Bag of Examples

As a student in mathematics and physics, I’m part of two different worlds. On the one hand, proofs and abstraction come from the side of mathematics. On the other hand, physics is where concrete examples and applications are the norm. In physics (at least, within the scope of undergraduate education), we only care about the mathematical tools that we can apply to a given problem. Of the two camps, I find myself identifying more with…

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Local peaks and clinical resistance at negative cost

Last week, I expanded on Rob Noble’s warning about the different meanings of de novo resistance with a general discussion on the meaning of resistance in a biological vs clinical setting. In that post, I suggested that clinicians are much more comfortable than biologists with resistance without cost, or more radically: with negative cost. But I made no argument — especially no reductive argument that could potentially sway a biologist — about why we should…

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Only Numbers and Algebra

Learning mathematics in school and doing mathematics in general are not the same thing. This might seem obvious, but I worry a lot about students that don’t have a chance to realize this before they are turned off from mathematics forever. The reason is that the message which is sent to students throughout their years in elementary and secondary school is that mathematics is all about numbers, but this is false. Sure, a lot of…

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Causes and costs in biological vs clinical resistance

This Wednesday, on These few lines, Rob Noble warned of the two different ways in which the term de novo resistance is used by biologists and clinicians. The biologist sees de novo resistance as new genetic resistance arising after treatment has started. The clinician sees de novo resistance as a tumour that is not responsive to treatment from the start. To make matters even more confusing, Hitesh Mistry points to a further interpretation among pharmocologists:…

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Not Necessary

In mathematics, the terms “necessary” and “sufficient” have technical meanings. These terms come about when looking at two statements P and Q. If we say that P is sufficient for Q, then that means if P is true, Q automatically has to be true (P implies Q). On the other hand, if P is only necessary for Q, having P be true doesn’t mean Q has to be true (but the other way works, so…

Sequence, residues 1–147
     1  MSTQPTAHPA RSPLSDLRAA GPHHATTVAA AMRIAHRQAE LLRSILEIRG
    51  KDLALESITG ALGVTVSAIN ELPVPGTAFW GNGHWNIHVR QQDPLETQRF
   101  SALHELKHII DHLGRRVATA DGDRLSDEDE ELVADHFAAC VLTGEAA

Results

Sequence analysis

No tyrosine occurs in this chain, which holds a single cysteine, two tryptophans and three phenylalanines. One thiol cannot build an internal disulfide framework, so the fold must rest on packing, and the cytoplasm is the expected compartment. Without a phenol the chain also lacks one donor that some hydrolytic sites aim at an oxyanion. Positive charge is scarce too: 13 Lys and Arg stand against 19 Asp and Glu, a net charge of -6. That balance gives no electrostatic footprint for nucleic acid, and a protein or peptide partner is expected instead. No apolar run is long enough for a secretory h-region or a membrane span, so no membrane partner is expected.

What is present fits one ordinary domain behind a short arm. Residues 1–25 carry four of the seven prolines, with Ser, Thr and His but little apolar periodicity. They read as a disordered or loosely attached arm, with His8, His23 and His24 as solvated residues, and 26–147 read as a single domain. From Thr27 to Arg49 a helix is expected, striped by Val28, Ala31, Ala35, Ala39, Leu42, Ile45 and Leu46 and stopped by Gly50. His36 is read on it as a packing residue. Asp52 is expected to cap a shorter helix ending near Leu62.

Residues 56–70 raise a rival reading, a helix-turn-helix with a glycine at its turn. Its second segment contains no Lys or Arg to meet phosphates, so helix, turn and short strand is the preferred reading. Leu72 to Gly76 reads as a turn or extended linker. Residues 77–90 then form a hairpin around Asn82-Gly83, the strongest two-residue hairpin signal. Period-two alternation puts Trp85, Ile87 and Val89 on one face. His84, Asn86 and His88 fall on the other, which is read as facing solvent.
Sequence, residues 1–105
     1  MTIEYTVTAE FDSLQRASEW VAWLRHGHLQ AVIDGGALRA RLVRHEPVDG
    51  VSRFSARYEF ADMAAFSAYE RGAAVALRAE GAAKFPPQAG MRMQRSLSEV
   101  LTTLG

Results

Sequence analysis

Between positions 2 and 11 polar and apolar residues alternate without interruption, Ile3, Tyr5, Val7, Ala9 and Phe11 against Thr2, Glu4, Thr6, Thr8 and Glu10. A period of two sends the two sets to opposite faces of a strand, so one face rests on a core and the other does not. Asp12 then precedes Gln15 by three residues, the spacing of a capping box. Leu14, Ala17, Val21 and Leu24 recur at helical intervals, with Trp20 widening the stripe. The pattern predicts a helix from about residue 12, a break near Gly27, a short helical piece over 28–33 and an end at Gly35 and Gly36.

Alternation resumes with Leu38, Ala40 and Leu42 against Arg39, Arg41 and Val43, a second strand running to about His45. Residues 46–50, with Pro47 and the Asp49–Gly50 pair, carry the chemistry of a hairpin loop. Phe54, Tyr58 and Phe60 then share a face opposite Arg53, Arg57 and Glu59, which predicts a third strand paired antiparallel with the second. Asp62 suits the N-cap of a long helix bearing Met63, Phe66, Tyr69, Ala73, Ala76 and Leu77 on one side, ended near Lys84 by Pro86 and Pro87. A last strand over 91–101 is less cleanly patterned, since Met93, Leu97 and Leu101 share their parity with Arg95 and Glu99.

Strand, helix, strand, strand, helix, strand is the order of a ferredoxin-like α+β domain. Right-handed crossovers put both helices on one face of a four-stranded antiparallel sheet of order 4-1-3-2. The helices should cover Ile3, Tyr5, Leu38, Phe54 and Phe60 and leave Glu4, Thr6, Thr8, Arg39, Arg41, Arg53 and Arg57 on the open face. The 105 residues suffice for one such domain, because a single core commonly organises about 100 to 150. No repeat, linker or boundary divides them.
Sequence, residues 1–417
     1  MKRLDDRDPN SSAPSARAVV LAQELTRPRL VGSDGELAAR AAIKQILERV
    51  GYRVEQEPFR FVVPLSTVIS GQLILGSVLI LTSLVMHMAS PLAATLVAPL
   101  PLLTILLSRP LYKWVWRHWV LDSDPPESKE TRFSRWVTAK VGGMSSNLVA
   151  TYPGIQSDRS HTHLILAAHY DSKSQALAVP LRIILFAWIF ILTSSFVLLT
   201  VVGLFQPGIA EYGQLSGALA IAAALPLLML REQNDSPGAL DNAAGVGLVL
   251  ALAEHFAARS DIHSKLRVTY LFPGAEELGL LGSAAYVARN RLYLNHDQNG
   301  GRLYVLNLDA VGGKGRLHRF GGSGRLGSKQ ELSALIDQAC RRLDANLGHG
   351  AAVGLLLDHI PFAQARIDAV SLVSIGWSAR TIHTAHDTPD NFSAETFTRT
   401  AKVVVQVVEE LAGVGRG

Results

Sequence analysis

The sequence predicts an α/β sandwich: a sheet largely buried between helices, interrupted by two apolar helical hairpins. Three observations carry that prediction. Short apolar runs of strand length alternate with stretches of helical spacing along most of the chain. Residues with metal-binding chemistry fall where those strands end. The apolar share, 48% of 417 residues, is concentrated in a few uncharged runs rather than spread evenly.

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Effective games from spatial structure

For the last week, I’ve been at the Institute Mittag-Leffler of the Royal Swedish Academy of Sciences for their program on mathematical biology. The institute is a series of apartments and a grand mathematical library located in the suburbs of Stockholm. And the program is a mostly unstructured atmosphere — with only about 4 hours of seminars over the whole week — aimed to bring like-minded researchers together. It has been a great opportunity to…

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Memorization in Education

Educators have unrealistic views about memorization. If you’re reading this as a student, think about any time a teacher spoke about their thoughts on memorization. Unless the point of the class was to memorize certain facts, I’m guessing the teacher did not love the idea of memorization. In fact, for those who teach subjects such as physics or mathematics, they might have gone on a rant about how memorization is a terrible thing to do…

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Plato and the working mathematician on Truth and discourse

Plato’s writing and philosophy are widely studied in colleges, and often turned to as founding texts of western philosophy. But if we went out looking for people that embraced the philosophy — if we went out looking for actual Platonist — then I think we would come up empty-handed. Or maybe not? A tempting counter-example is the mathematician. It certainly seems that to do mathematics, it helps to imagine the objects that you’re studying as…

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